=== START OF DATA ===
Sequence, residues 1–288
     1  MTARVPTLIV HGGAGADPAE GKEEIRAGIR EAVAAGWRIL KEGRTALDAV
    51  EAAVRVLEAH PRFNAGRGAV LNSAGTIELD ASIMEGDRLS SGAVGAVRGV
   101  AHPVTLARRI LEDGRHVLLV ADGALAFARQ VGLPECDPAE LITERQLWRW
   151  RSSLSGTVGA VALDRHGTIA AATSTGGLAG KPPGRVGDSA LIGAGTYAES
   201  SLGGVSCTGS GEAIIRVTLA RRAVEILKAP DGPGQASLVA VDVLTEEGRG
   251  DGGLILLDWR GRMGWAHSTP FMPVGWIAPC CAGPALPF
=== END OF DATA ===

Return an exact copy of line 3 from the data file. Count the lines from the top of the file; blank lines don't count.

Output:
    51  EAAVRVLEAH PRFNAGRGAV LNSAGTIELD ASIMEGDRLS SGAVGAVRGV